Shakespearean plays; “There needs to have a bit of balance in between” (Transcript
Ideas of encouraging more people to donate or engage in the art organisation (q4.4)
In regards to this topic, some of the participants were quite reluctant to express their
opinion. One in particular said “No” when asked (Transcript a215), indicating that it is
up to the art organisation to find ways to improve their strategies. However, the others
were pretty happy expressing opinions that might be useful for the art organisation
regarding how best to grow the donor base.
“I think the general focus on more publicity would take care of that to some
extent” (Transcript a216).
As mentioned earlier in the findings, the participants thought that the art organisation
should do more publicity in regards to their productions and the activities they are
providing to increase awareness. It might spark interest for some to want to become a
donor. Moreover, for non Shakespeare fans, the art organisation could bend the norm a
little and put up non Shakespearean plays to target these groups of people to become
interested in the art organisation productions because of the actor’s great acting.
“I think if more people realised the breadth. It wasn't just putting on
Shakespearean plays, they would become more interested. And I think that's
one of the strengths probably of doing one of the non-Shakespearean plays as
well. You might be able to get your friends to come along to that, and say,
“Look just... What do you think of the acting and the performance and the
production?” And I'd say Wow.” (Transcript, a217)
The participants also felt if the art organisation can give discounts of free tickets to their
donors and potential donors as a marketing tool, it might make them more interested in
the company (Transcript, a220). Another organisation in Sydney sent out two-for-one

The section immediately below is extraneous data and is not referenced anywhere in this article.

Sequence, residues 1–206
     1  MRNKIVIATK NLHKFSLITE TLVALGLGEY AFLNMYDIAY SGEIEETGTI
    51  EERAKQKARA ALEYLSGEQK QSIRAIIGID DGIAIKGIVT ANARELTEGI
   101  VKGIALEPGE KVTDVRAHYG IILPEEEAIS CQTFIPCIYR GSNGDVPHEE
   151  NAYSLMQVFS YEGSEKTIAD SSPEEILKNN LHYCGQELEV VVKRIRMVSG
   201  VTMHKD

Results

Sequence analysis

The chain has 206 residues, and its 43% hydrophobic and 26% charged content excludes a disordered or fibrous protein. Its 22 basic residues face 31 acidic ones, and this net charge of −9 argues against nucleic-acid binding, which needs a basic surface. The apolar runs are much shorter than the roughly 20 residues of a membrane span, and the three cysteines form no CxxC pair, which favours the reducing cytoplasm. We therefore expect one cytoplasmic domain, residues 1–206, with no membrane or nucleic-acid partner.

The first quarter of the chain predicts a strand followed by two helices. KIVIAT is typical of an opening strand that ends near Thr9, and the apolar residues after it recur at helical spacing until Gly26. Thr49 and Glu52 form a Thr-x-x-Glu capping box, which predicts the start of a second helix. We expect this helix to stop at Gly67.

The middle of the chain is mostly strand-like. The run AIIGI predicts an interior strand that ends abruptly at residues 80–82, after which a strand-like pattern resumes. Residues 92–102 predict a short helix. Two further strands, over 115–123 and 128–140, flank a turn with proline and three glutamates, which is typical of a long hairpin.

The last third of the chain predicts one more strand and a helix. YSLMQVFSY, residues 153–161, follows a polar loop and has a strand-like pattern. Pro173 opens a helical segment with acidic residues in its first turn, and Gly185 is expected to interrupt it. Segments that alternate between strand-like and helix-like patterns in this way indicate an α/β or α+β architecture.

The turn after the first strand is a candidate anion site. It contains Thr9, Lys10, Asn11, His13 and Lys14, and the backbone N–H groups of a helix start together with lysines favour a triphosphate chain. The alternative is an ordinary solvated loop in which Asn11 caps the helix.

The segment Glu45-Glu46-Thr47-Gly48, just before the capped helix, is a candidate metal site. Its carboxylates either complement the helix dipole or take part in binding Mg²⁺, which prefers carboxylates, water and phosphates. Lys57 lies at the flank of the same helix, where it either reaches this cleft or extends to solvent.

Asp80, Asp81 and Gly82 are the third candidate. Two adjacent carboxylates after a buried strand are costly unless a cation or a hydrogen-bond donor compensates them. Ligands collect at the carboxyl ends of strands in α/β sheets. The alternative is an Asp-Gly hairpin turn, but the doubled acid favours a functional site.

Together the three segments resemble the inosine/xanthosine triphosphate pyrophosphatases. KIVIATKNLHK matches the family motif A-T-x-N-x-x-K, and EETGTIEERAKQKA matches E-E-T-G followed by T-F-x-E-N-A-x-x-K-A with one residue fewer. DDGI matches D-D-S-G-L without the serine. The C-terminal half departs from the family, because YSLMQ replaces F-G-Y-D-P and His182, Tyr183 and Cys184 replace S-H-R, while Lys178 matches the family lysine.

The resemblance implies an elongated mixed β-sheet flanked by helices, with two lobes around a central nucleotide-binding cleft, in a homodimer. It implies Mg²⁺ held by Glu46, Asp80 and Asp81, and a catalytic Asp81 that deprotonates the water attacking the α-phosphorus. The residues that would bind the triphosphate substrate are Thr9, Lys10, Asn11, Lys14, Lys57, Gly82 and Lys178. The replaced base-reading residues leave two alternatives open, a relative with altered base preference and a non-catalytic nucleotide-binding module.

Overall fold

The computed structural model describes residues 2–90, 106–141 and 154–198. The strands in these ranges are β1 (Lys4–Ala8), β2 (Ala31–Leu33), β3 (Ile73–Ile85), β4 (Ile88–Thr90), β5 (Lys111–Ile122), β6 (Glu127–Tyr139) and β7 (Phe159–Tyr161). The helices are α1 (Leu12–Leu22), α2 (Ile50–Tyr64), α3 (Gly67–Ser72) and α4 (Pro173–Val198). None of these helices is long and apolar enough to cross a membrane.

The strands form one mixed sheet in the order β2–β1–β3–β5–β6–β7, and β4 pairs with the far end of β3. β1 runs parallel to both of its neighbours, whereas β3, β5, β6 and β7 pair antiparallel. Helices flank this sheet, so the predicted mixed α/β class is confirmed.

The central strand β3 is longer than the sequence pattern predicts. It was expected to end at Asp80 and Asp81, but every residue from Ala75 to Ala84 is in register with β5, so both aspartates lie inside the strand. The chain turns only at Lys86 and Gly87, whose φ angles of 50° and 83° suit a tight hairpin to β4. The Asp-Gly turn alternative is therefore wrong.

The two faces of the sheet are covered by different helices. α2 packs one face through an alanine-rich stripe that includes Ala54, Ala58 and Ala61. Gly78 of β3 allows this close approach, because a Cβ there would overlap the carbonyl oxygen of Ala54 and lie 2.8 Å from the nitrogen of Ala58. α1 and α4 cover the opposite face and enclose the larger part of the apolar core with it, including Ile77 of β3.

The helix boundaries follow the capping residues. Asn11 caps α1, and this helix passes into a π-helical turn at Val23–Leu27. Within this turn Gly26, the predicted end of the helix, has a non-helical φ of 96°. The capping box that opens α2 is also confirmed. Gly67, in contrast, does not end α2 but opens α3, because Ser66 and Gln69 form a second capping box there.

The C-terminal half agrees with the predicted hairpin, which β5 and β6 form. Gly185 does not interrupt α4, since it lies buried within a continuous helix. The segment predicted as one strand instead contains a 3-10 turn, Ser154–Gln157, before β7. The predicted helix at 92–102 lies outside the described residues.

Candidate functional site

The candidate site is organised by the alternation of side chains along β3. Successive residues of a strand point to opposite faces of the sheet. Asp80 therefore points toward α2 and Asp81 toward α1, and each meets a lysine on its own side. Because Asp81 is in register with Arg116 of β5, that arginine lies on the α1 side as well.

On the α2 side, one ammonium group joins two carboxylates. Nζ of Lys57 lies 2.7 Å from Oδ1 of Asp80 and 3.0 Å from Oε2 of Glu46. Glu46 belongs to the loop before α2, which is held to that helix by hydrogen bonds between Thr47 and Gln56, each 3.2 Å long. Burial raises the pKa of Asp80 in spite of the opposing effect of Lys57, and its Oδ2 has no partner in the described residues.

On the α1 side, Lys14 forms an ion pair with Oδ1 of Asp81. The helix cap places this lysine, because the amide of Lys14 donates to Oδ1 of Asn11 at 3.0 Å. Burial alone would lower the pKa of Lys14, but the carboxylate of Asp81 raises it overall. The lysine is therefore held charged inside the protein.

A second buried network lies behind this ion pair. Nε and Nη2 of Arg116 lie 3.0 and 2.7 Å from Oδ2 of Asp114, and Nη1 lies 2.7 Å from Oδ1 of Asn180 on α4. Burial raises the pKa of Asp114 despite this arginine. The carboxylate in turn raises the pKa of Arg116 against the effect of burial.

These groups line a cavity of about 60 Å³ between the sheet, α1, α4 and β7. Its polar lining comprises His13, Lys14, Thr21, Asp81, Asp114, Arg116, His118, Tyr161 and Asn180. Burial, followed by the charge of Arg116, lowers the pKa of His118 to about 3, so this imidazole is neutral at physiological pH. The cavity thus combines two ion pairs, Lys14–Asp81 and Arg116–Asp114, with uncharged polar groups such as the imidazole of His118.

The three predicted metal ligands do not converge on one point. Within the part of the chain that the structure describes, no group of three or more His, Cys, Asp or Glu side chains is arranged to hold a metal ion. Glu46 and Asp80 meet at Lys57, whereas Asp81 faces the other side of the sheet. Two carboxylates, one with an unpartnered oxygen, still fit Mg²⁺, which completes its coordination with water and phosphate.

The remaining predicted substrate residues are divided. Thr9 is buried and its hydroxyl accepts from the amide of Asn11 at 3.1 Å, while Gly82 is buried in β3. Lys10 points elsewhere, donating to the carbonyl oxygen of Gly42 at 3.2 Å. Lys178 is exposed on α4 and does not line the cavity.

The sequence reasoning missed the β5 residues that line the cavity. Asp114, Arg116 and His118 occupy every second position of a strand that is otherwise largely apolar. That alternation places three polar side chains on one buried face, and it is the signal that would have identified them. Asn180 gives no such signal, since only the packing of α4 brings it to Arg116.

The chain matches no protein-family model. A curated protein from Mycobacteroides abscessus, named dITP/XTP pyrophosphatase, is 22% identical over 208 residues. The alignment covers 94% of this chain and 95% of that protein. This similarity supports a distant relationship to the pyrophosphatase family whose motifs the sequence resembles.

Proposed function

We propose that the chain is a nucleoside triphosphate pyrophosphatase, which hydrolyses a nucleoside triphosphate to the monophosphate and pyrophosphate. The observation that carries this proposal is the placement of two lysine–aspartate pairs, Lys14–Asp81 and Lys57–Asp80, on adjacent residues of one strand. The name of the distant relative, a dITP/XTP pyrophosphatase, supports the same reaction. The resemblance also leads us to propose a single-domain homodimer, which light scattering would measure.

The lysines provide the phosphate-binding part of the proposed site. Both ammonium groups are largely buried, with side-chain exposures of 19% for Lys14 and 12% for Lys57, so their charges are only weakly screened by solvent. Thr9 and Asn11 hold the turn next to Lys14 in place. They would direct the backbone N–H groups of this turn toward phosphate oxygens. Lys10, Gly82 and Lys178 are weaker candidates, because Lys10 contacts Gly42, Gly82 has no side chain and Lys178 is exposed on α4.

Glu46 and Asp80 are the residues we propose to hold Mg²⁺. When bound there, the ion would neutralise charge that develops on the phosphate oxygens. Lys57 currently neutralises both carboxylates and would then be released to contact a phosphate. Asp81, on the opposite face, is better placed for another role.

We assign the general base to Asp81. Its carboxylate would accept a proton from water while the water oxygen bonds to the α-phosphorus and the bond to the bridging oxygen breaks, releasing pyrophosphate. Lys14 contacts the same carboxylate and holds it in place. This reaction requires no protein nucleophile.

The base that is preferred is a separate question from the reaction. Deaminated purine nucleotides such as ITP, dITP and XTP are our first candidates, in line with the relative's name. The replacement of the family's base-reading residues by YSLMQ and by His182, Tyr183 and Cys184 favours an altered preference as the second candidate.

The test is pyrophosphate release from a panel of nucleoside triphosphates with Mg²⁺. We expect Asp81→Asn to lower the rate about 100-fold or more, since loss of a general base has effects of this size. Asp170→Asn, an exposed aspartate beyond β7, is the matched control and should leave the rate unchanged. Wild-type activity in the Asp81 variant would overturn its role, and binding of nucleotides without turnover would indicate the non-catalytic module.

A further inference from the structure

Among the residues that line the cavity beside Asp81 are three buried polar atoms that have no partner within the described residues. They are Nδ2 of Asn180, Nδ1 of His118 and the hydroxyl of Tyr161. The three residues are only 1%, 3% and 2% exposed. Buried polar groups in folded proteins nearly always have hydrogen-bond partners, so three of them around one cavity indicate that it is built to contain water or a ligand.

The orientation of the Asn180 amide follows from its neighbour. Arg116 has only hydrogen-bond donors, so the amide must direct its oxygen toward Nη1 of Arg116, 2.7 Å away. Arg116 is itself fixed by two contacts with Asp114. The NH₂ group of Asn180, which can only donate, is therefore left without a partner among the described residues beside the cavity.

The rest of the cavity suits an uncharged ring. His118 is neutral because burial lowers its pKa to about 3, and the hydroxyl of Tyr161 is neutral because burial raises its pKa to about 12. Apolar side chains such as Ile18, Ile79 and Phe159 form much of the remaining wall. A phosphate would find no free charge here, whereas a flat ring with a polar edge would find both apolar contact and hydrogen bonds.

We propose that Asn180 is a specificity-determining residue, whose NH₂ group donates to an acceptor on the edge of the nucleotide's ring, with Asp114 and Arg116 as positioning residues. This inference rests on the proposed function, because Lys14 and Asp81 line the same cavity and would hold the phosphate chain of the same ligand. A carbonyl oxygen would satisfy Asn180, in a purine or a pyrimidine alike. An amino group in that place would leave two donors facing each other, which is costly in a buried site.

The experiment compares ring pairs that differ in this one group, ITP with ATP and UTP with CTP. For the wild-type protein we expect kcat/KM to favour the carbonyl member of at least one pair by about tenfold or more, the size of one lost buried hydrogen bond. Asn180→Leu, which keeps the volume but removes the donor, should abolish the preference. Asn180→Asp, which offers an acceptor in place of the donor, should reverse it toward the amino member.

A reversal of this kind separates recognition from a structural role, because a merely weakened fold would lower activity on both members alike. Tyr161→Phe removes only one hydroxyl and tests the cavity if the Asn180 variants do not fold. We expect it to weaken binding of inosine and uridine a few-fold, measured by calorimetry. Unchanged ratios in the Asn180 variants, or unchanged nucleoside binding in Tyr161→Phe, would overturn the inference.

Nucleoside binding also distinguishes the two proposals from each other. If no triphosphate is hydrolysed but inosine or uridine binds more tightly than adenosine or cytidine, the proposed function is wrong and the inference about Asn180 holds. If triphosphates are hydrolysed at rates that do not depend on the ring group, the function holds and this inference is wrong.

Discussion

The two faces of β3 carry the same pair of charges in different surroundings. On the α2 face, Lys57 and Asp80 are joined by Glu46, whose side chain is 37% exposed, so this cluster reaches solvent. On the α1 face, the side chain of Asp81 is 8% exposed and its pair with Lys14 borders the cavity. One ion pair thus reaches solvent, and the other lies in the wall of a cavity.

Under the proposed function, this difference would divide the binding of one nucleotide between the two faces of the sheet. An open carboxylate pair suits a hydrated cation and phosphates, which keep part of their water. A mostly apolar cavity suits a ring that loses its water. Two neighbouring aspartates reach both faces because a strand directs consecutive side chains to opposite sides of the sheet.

vouchers to all its “patrons” to give to a friend. This promotion was successful as the
patrons feel it is “value-for-money” compared to for example visiting a cinema
Another thing that was mentioned during the session was that the founder of the arts
organisation, that now has a significant role in the organisation, should have a
succession strategy in place so that all the good things that he has done will be
continued even after he has passed (This was mentioned as a context).
“You’ve got to be giving your key supporters, EVIDENCE, COMFORT that there
is a succession strategy in place, because if they're comforted by it, then that
goes out, to your broader support base.” (Transcript, a239)
Some participants felt that a subscription package is a good idea such as packaging the
art organisation performance with a dinner after (Transcript, a261). This was also
expressed by one donor not from Sydney that thought it would be great to have a trip
Finally it was expressed that a donation to the art organisation should be able to be
given away to friends. One participant arranged this by herself by making a donation to
the art organisation in the friend’s name and writing a card that she gave to the friend on
his/her birthday. The friend is today a frequent visitor to the art organisation plays and
has continued to donate. The participant expressed that it would be good if this service